5 Ways Hackers Get to Your Mobile Device

Every malicious attack method used to attack PCs is now being rewritten to hack mobile devices. How are the hackers getting to your mobile phone?

5 Popular Ways:


Once used primarily to gain access to a PC without the owner’s consent, malware is making its way onto mobile devices. As on a PC, you can be duped into downloading the malware to your mobile device as it’s often disguised as the newest game or productivity app and even offered by people impersonating technical support agents.


From most PC’s points of view, mobile devices are viewed as just another storage device, like a flash drive. So when you synchronize your phone with your PC, some types of malware can jump to (or potentially from) your mobile device.

Buffer Overflows

When a program tries to store more data in a buffer (temporary storage area) than it was intended to hold, it overwrites adjacent memory. This is caused by a programming error, but a side effect of the error can lead to a common type of security attack. These buffer overflows affect data integrity and/or can lead to privilege escalation or remote code execution attacks on PCs. We’re beginning to see buffer overflows on mobile devices, too.

Denial of Service Attacks

These types of attacks, aimed at making computer resources unavailable to their intended users, once focused solely on PCs. They’re now occurring in the mobility space.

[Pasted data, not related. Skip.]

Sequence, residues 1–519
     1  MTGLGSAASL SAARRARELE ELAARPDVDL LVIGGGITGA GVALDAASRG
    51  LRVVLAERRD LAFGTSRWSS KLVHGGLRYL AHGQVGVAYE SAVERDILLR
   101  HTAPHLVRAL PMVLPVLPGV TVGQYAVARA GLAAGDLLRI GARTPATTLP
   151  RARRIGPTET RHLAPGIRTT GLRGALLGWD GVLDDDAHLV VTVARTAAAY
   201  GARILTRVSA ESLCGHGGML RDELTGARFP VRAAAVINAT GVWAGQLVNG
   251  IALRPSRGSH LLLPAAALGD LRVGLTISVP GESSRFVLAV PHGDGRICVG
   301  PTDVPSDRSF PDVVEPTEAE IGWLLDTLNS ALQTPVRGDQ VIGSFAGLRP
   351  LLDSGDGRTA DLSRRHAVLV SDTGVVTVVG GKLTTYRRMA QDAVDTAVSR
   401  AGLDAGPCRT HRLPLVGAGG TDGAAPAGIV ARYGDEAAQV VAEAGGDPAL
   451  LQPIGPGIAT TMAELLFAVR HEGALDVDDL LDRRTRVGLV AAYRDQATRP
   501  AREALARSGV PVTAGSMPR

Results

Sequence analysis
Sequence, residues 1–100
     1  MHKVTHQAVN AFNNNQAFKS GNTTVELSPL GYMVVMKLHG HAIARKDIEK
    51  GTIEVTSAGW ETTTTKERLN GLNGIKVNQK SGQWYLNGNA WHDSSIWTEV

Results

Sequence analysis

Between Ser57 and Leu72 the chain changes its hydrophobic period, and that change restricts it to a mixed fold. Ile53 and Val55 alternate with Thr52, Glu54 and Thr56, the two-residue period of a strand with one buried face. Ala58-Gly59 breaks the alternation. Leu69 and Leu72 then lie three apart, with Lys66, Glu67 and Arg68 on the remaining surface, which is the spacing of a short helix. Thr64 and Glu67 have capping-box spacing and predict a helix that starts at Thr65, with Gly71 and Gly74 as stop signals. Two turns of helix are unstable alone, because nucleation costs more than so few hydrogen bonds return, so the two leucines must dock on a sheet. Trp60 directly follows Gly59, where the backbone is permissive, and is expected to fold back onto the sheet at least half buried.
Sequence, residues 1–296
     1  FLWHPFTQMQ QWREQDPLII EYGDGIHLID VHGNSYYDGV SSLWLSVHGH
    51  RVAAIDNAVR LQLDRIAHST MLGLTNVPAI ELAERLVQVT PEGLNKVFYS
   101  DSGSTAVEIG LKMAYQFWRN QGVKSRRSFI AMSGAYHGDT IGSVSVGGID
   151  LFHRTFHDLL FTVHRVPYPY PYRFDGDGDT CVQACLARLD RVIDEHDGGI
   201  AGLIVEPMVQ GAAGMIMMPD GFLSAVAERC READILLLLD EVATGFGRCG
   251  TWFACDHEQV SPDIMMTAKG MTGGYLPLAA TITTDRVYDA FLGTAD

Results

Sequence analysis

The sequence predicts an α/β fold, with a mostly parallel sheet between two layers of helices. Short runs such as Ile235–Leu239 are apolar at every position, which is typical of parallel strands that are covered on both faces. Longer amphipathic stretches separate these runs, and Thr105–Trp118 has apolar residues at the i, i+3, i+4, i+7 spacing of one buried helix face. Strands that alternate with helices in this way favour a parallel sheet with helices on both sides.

Morphed for mobility, Phishing now includes SMiShing and it can be carried out via text message. SMiShing uses cell phone text messages to bait you into divulging personal information. For example, you might receive a text message requesting that you call an unfamiliar phone number, or that you go to a URL to enter information, or a message that prompts you to download software to your phone.

This is important:If you access the URL in the SMiShing text message or download any software to your device (PC or mobile device), you may unintentionally install malware on the device. If you receive a text message that asks you to call a number you don’t recognize or go to a web site to enter personal information, do NOT select the link embedded in the message. Just delete the text message.

How Do I Save My Device From Getting Hacked?

After reading this post, you’re probably wondering what you can do to protect your mobile device against hackers (and we’ve hinted at a few things already). Stay tuned… I’ll cover that soon.

Have you had any experiences with hackers and mobile devices? Share your thoughts.
Jim Clausing Technical Staff Principal Member AT&T About Jim